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New Oil Pipeline Linking Eilat with Ashkelon in Operation Since February 1

Israel disclosed today that its new 42 inch oil pipeline has been in operation since Feb. 1 linking the port of Eilat on the Gulf of Aqaba, with Ashkelon on the Mediterranean coast some 160 miles away. The $150 million project by-passes the Suez Canal which has been closed to all shipping since the June, 1967 Arab-Israel war and has always been closed to Israeli ships and cargoes. The pipeline is now operating at an annual capacity of 20 million tons. The installation of more pumping stations will increase it to an eventual 60 million tons per annum.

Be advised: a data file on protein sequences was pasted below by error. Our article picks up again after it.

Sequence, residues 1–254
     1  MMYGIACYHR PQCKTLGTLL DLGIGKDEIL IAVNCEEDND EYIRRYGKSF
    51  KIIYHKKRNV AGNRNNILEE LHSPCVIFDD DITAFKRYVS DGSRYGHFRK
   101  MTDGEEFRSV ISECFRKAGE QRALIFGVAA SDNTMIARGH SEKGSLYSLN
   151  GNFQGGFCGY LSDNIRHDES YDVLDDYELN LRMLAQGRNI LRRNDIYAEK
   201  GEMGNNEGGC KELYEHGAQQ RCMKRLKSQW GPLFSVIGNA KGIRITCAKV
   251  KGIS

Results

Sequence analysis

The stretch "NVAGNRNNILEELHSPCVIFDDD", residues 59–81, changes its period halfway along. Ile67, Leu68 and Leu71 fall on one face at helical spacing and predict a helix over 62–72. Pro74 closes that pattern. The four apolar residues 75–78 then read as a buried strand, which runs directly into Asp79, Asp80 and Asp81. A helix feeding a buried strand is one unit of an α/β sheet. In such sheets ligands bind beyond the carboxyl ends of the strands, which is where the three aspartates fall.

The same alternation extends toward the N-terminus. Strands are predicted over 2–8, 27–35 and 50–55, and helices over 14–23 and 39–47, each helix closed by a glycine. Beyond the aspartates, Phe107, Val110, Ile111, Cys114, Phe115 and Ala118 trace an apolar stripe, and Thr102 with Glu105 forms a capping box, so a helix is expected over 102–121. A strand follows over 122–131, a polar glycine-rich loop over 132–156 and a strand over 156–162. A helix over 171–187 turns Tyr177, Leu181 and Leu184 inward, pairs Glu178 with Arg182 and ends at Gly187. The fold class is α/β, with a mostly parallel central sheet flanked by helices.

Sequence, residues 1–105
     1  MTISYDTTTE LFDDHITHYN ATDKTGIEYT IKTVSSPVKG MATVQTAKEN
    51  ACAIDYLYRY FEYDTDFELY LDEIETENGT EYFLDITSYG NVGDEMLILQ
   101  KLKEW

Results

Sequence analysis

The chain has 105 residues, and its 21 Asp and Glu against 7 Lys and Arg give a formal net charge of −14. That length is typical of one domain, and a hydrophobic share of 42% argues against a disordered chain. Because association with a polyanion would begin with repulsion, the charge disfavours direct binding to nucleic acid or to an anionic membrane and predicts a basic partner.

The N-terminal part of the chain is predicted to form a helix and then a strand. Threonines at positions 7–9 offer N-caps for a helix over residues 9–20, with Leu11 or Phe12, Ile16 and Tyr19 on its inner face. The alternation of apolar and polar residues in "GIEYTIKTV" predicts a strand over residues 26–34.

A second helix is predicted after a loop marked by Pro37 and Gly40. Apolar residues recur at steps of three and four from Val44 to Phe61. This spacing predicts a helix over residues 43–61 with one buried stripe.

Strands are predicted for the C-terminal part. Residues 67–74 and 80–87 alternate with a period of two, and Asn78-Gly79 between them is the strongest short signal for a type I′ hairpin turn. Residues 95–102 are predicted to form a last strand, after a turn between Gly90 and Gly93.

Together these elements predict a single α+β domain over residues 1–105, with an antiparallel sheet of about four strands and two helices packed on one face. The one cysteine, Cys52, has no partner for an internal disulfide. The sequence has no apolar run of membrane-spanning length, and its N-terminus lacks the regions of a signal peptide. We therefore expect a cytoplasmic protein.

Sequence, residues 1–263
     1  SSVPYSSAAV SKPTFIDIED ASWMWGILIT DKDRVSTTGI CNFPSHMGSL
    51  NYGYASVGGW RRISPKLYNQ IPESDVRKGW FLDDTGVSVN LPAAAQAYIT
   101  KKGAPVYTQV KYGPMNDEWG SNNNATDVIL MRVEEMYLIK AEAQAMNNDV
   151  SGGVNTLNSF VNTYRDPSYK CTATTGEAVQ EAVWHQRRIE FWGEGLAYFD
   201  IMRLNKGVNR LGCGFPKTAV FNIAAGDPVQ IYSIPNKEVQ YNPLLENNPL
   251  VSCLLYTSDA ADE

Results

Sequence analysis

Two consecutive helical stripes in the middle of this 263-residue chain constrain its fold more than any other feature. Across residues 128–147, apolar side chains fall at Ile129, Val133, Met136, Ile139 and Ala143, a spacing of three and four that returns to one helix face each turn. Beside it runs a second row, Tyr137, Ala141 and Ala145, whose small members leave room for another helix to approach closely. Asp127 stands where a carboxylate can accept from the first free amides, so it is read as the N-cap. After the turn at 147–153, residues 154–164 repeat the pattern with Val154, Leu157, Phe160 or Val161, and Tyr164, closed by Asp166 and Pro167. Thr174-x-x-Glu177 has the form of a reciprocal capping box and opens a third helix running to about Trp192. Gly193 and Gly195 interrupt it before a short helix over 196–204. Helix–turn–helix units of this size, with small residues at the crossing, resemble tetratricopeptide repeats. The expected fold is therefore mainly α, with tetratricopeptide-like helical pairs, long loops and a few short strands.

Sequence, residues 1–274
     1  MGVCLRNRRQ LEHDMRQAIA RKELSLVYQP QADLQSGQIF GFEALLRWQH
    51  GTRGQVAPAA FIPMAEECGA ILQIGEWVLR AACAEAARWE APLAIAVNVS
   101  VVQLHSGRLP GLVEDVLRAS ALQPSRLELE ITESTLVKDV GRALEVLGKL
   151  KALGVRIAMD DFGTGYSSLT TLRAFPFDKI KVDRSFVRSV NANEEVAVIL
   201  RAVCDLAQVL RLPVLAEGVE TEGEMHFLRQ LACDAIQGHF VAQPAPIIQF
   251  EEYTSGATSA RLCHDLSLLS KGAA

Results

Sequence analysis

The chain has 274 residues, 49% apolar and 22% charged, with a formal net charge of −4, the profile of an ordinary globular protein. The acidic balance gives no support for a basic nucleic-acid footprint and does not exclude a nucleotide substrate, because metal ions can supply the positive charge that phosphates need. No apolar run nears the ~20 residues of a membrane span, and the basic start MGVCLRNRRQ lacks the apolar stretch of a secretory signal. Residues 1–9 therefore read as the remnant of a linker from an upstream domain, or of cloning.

At the Eilat terminal, the oil is taken from supertankers that bring it to Israel from sources which remain undisclosed to prevent Arab boycott action. At Ashkelon it is loaded into smaller tankers for transshipment to southern and western Europe. Israel is confident that it can sell the surplus oil to European sources although the price is higher than oil shipped exclusively by tanker around the Cape of God Hope. A British tanker presently at Ashkelon is the first vessel to load oil passing through the new pipeline. The 121,000 deadweight ton Swedish-built Israeli tanker Nivi brought the oil from sources described only as “East of Suez.” Israel’s Zim Lines has ordered two more tankers of 250,000 tons deadweight capacity and is considering three more such ships.

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